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Hawkish Fed and China woes send commodities into reverse

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The commodity sector turned sharply lower this week as the market reacted negatively to renewed growth concerns after the Federal Reserve Chairman, Jerome Powell, left the market in no doubt that the US and other major central banks would continue to hike rates and keep them high for a prolonged period in order to combat runaway inflation. This development helped to drive stock markets sharply lower, while the dollar reached multi-year highs and bond yields climbed back towards the June high. In addition, we saw renewed growth concerns related to China’s prolonged battle with Covid infections and President Xi’s zero-Covid policy after fresh lockdowns were implemented, the most noticeable being Chengdu, a metropolis of 21 million residents.

Both developments turned the focus in commodities back to demand, which may suffer as economic growth slows and away from a tight supply outlook across several major commodities from corn and coffee to diesel and gas, as well as several industrial metals due to mining and production challenges. Growth and China-dependent commodities, such as industrial metals and cotton, suffered a major setback while the prospect for Gazprom resuming gas supplies through its Nord Stream 1 pipeline from Saturday morning helped drive gas prices in Europe lower. With this, gas oil (diesel) fell on the assumption gas-to-fuel switch demand could slow.

Crude oil rangebound, but volatile

Crude oil’s bounce from a six-month low became unstuck following Jerome Powell, the Federal Reserve Chairman’s hawkish message. Together with renewed lockdowns in China, it once again triggered a reversal in the market focus away from tight supply and back to worries about demand. What followed was a near 12-dollar correction to near $90 in Brent and $85 in WTI with some of the selling being driven by speculators having bought the break above $100 following Saudi comments that OPEC+ could consider a production cut.

In Europe and increasingly also Asia, elevated prices for gas and power continues to attract substitution demand into fuel products like diesel and heating oil. In the short-term, the price of gas into the autumn months will continue to be dictated by Russian flows, and not least whether Gazprom (and Putin) will resume flows on the Nord Stream 1 pipeline as announced, following the three-day maintenance shutdown that ends at 0100 GMT on September 3.

On the supply side, the market will be watching the impact of the EU embargo on Russian oil, which will begin impacting supply from December and the 180-million-barrel release, at a rate of one million barrel per day from US Strategic Reserves that look set to end on October 21. Finally, an Iran nuclear deal has yet to be reached, and after the US called Iran’s response to the latest effort to revive the 2015 nuclear as “not constructive”, the risk of failure remains. Following a 25 per cent drop in US retail gasoline prices since June and the Democrats not wanting to be seen as going soft on Iran, a deal looks increasingly unlikely, at least in the short term.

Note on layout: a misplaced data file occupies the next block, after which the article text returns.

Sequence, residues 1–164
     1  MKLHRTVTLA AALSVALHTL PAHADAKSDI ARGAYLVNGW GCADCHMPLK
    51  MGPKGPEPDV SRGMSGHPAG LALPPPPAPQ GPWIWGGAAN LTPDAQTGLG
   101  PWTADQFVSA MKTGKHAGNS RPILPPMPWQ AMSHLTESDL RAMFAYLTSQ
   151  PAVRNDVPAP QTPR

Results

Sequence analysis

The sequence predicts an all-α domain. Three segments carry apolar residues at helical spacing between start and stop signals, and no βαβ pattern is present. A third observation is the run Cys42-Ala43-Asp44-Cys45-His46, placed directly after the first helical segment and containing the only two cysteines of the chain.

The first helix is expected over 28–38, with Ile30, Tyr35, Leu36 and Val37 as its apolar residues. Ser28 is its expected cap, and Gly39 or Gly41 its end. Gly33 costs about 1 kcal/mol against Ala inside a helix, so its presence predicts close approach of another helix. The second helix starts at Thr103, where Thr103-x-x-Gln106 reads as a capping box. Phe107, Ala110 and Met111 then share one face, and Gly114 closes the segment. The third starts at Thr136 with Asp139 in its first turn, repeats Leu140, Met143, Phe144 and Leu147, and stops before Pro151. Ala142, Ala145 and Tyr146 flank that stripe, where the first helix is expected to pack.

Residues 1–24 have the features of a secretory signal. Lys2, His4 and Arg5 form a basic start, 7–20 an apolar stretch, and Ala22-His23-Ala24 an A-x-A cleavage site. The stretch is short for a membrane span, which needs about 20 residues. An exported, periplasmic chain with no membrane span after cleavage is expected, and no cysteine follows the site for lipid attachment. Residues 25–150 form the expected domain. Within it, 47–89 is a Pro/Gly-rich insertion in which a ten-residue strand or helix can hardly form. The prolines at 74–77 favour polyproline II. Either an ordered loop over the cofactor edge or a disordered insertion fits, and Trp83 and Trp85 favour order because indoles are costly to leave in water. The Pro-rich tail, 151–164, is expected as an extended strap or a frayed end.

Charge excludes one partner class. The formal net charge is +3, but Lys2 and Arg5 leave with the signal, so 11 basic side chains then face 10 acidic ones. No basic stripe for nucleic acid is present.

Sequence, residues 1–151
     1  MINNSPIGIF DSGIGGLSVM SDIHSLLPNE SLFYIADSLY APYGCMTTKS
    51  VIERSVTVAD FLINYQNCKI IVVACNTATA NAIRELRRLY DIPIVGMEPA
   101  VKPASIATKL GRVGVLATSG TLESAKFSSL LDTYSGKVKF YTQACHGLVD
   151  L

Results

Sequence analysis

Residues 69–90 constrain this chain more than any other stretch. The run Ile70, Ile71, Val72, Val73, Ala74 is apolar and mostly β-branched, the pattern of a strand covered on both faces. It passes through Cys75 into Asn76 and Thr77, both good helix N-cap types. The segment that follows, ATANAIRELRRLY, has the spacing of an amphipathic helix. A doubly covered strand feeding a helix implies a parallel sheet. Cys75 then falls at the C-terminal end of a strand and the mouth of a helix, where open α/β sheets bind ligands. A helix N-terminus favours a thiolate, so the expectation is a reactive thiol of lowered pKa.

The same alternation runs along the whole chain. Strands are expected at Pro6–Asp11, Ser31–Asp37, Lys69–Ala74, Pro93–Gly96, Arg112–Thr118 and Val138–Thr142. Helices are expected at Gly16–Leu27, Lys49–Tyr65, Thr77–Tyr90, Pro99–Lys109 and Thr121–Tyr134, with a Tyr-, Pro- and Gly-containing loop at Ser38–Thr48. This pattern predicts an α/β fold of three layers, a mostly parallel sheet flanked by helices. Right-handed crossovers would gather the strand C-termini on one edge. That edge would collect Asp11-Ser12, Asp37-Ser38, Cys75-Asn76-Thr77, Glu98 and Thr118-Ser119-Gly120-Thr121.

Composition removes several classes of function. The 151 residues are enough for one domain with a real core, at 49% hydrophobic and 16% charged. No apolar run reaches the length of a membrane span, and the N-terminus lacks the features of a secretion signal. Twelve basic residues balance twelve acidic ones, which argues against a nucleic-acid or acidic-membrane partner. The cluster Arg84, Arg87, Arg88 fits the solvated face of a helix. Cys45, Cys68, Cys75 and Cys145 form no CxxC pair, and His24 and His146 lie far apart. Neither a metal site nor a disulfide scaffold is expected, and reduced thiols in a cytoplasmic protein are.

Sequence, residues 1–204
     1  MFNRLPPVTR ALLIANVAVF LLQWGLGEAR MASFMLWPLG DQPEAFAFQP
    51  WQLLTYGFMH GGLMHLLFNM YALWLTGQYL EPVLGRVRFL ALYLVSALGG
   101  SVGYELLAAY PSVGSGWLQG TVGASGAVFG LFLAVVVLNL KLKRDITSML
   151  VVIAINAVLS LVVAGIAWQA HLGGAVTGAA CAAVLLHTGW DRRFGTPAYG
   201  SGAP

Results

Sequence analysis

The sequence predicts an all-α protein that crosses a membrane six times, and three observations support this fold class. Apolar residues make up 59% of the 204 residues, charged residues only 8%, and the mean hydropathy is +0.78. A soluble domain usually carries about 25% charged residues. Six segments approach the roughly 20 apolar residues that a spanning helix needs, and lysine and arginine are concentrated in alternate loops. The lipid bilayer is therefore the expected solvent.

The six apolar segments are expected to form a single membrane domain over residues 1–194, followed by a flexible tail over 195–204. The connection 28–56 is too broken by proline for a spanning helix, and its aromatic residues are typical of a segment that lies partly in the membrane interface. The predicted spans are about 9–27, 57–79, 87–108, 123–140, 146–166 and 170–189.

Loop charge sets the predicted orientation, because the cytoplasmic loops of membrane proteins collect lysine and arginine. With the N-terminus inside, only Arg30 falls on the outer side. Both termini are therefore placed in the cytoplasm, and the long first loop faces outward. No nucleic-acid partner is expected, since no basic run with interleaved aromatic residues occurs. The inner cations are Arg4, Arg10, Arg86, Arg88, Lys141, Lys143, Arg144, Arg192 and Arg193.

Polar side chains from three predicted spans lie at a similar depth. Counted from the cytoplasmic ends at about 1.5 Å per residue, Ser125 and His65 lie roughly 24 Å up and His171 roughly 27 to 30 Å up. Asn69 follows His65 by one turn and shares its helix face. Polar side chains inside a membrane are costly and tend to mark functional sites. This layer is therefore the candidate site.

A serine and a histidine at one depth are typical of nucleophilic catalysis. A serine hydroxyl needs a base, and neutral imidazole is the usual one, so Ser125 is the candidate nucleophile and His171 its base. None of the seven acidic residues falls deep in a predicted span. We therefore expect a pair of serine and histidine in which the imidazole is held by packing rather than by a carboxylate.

With Opec+ meeting to talk output on September 12 the price of oil is unlikely to fall further with support at $85.50 in WTI and $91.50 in Brent unlikely to be challenged soon.

EU gas and power prices

The European energy market have reversed some of the recent strong gains in gas and power prices following a recent surge that was driven by robust demand for pipeline supplied gas after low water levels on the river Rhine prevented normal shipments of coal and diesel to utilities and industries in the German heartland. However, it was a three-day shut down for maintenance on the important Nord Stream 1 pipeline which sent prices surging on fear supplies would not resume at 0100 GMT on 3 September – the time Gazprom had announced the reopening would occur.

However, as the week wore on, the risk of a non-opening faded and Dutch TTF gas tumbled to near €200 per MWh while German Year ahead power more than halved after briefly surging above a €1000 per MWH on Monday. In response to these eye-popping and growth killing power prices, the EU is preparing to intervene and adjust the price setting of power prices within the region. The recent turmoil has also added fuel to concerns trigger happy speculators with deep pockets – the initial margin on one German Year ahead futures contract is around €1.8 million – have been able to drive prices to levels unjustified by current fundamentals, only to dump positions once panic buying dried up.

With EU storages filling up and provided gas returns via NS1, we could see gas prices drop below €200/MWh – a level still high enough to support rationing and demand destruction.

Ole S Hansen, Head of Commodity Strategy at Saxo Bank

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